From Kristen Lamb’s Blog:
With the good, comes the bad, the ugly and the downright—in my POV—boneheaded observations about social media. My favorites?
. . . .
Twitter is not Our Personal Spamming Tool to Sell Books
How many of you loooooove spam? There is nothing you love better than interacting with automatically generated messages. What? No takers?
Every time I warn writers off automation, I get some person who wails in protest the same, exact words. “I am not automating tweets, I am scheduling them.”
All right, let’s peel back the euphemism here. Anything that is posted on the Internet/social media automatically without a flesh and blood human being physically present is SPAM. Of course, when I say this, the
spammers“marketers” often howl, “But I spend a lot of time crafting those tweets.” Okay, so you are an eloquent spammer. Better?
Here’s the thing, spam is anything automatically generated for the sole purpose of gaining something from the community. Whether that is for that community to buy a book, look at a link or come to a blog or give us their attention, it doesn’t matter, IT IS SPAM.
Link to the rest at Kristen Lamb’s Blog and thanks to Lynn for the tip.
PG sympathizes with the anti-spam sentiment, but thinks Kristen’s definitions may be a bit overbroad.
To wit, PG needs time for a professional and personal life so he typically prepares several blog posts at a sitting then schedules them to appear, typically at one-hour intervals through the first part of the working day.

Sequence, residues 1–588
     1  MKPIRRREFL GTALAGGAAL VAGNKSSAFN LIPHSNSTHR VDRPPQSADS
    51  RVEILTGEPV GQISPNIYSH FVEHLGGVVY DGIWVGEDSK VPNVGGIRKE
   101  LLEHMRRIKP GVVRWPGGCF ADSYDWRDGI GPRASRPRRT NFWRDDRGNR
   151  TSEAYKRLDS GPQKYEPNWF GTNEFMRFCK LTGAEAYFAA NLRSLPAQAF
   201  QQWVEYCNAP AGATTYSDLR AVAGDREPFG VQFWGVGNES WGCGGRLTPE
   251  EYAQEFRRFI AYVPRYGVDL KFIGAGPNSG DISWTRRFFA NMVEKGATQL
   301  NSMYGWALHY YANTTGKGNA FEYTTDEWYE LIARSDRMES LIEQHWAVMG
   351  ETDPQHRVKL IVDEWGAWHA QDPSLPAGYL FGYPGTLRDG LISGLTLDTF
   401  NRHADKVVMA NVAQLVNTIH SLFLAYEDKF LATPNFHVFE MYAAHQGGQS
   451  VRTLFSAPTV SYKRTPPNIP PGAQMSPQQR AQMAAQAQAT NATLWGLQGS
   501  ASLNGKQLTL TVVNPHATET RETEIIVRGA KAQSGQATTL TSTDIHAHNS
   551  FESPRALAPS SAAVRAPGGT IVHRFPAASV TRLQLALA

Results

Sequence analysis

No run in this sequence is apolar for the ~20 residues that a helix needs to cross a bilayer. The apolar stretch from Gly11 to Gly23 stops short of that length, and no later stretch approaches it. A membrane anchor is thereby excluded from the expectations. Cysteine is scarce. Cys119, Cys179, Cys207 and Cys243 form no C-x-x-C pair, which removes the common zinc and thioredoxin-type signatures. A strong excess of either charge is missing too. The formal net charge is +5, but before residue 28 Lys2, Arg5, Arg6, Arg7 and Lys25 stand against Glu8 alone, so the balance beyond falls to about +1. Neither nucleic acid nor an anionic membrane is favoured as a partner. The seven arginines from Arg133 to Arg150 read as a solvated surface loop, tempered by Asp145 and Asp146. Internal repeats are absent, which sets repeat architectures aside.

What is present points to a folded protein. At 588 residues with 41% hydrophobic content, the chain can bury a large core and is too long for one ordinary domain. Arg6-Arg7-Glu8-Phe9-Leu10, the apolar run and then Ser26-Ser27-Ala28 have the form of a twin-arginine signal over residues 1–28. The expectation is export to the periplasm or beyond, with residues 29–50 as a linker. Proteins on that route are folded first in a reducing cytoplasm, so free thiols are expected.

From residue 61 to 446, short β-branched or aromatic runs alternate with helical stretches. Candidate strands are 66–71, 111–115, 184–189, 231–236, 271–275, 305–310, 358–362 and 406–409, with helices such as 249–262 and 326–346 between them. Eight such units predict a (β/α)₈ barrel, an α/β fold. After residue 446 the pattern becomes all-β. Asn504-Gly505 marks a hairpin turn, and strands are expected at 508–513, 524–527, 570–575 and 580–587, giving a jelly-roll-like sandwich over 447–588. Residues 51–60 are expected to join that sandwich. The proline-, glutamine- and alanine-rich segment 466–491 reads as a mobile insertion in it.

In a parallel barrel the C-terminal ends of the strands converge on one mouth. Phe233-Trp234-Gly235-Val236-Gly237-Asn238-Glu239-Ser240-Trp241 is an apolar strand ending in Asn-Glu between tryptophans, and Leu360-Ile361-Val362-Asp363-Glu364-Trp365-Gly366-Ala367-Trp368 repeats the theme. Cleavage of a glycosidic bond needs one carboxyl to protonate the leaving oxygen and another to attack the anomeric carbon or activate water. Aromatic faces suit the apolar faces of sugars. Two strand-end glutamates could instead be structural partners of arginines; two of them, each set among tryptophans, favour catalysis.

He does this for a couple of reasons:
- He likes to have each post appear at the top of the blog for a period of time for maximum visibility.
- He thinks it’s generally good blog marketing to have fresh information for visitors who check in at various times during the day.
Each blog post automatically generates a tweet on @PassiveVoiceBlg, something else Lynn calls spam. PG does this because he likes to be alerted via Twitter when someone he’s paying close attention to puts up a new blog post. PG’s theory is to try to provide information to followers where they want to consume it – the blog, Twitter or Facebook.
While PG doesn’t like spam, he doesn’t think the quality of the communication on The Passive Voice would be enhanced if he opened up the blog several times per day to manually make a new blog post that immediately appeared, then opened up Twitter to write a tweet about the post then opened up Facebook to make the post there.
Without scheduling and the tools he uses, there would be far fewer blog posts available during the times PG budgets for blog work. He’s never had anyone complain that there is too much info on The Passive Voice and receives more suggestions for blog posts from visitors than he has time to create posts.
OTOH, he certainly understands how the techniques and tools he uses could be misused for spam.
Lynn’s problem may be with Twitter management.
Following people on Twitter is one good way to generate additional followers on Twitter. Unless you’re a rap star, follows and follow-backs are SOP for most Twitter users. However, once you get a lot of followers, the inflow is huge. @PassiveVoiceBlg has over 28,000 followers and PG has followed back a lot of them. During prime time, it’s not unusual for 25 incoming tweets to happen every 5 seconds.
PG won’t go into the details of his Twitter management because he’s about out of budgeted blogging time (at 8:30 PM on Wednesday night), but there are lots of free tools to help manage the flow and bring important/relevant tweets to the surface. Hootsuite is one of the tools PG uses every day, for example. He almost never opens the interface provided by Twitter.